Organic solar cells show great promise for clean energy applications. However, solar cells made from organic (carbon-based) semiconductors do not maintain their efficiency for long enough under sunlight for real-world applications.
To address this problem, researchers studied the degradation mechanisms for the two components used in the light-absorbing layer of organic solar cells: the ‘electron donor’ and ‘electron acceptor’ materials. These two components are needed to split the bound electron-hole pair formed after the absorption of a photon into the free electrons and holes that constitute an electrical current.
In the new study, an international team of researchers led by the Cavendish Laboratory at the University of Cambridge has first time considered the degradation pathways of both the electron donor and electron acceptor materials.
To understand how these materials degraded, researchers combined photovoltaic device stability studies, where the operational solar cells are subject to intense light that closely matches sunlight, with ultrafast laser spectroscopy performed in Cambridge. Using this laser technique, the team identified a new degradation mechanism in the electron donor material involving twisting in the polymer chain.
When the twisted polymer absorbs a photon, it undergoes an extremely rapid deactivation pathway on femtosecond timescales. This undesirable process is fast enough to outcompete the generation of free electrons and holes from a photon. This is the cause of reduced efficiency of the organic solar cell after it had been exposed to simulated sunlight, the researchers say.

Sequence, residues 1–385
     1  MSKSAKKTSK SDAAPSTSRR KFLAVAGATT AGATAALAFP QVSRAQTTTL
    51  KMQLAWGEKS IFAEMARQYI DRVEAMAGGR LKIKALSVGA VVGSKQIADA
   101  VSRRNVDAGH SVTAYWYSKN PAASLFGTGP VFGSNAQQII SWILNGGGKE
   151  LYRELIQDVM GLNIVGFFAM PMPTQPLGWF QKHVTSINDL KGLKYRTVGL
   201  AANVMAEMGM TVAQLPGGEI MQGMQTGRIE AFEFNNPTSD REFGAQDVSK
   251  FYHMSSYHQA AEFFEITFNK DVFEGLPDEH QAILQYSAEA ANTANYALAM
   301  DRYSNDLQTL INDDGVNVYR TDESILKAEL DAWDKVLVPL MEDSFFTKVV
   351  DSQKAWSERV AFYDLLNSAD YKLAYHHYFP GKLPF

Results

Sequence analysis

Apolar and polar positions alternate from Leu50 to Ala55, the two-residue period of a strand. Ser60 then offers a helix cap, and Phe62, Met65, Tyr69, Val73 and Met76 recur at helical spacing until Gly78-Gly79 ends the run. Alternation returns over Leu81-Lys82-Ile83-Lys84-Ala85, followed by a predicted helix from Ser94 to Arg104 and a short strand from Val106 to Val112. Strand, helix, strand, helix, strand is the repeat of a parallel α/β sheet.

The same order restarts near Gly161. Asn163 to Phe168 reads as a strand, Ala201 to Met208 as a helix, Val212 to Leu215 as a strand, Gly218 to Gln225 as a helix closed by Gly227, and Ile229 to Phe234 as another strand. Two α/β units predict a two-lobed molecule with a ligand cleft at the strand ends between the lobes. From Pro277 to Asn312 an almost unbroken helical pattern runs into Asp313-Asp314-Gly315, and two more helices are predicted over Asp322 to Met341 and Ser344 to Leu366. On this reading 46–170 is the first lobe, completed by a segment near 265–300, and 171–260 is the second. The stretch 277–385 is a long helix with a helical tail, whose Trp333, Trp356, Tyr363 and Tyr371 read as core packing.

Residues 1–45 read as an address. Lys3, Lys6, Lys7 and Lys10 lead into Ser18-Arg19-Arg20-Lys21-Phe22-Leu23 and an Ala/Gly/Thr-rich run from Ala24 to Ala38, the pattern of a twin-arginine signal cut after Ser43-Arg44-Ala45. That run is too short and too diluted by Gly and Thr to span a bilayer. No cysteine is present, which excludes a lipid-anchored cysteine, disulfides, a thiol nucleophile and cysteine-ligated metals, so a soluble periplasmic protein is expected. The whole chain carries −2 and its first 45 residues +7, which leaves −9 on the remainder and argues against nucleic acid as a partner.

“It was interesting to find that something as seemingly minor as the twisting of a polymer chain could have such a large effect on the solar cell efficiency,” said Dr. Alex Gillett, the paper’s lead author. “In the future, we plan to build on our findings by collaborating with chemistry groups to design new electron donor materials with more rigid polymer backbones. We hope that this will reduce the propensity of the polymer to twist and thus improve the stability of the organic solar cell device.”
Organic solar cells can be used in a wide range of applications for which traditional silicon photovoltaics aren’t suitable. Researchers believe that by identifying the degradation mechanism that needs to be solved, the current research directly brings the next generation of photovoltaic materials and applications closer to reality.
- Yiwen Wang, Joel Luke, Alberto Privitera, Nicolas Rolland, Chiara Labanti, Giacomo Londi, Vincent Lemaur, Daniel T.W. Toolan, Alexander J. Sneyd, Soyeong Jeong, Deping Qian, Yoann Olivier, Lorenzo Sorace, Ji-Seon Kim, David Beljonne, Zhe Li, Alexander J. Gillett. The critical role of the donor polymer in the stability of high-performance non-fullerene acceptor organic solar cells. Joule, 2023; DOI: 10.1016/j.joule.2023.03.002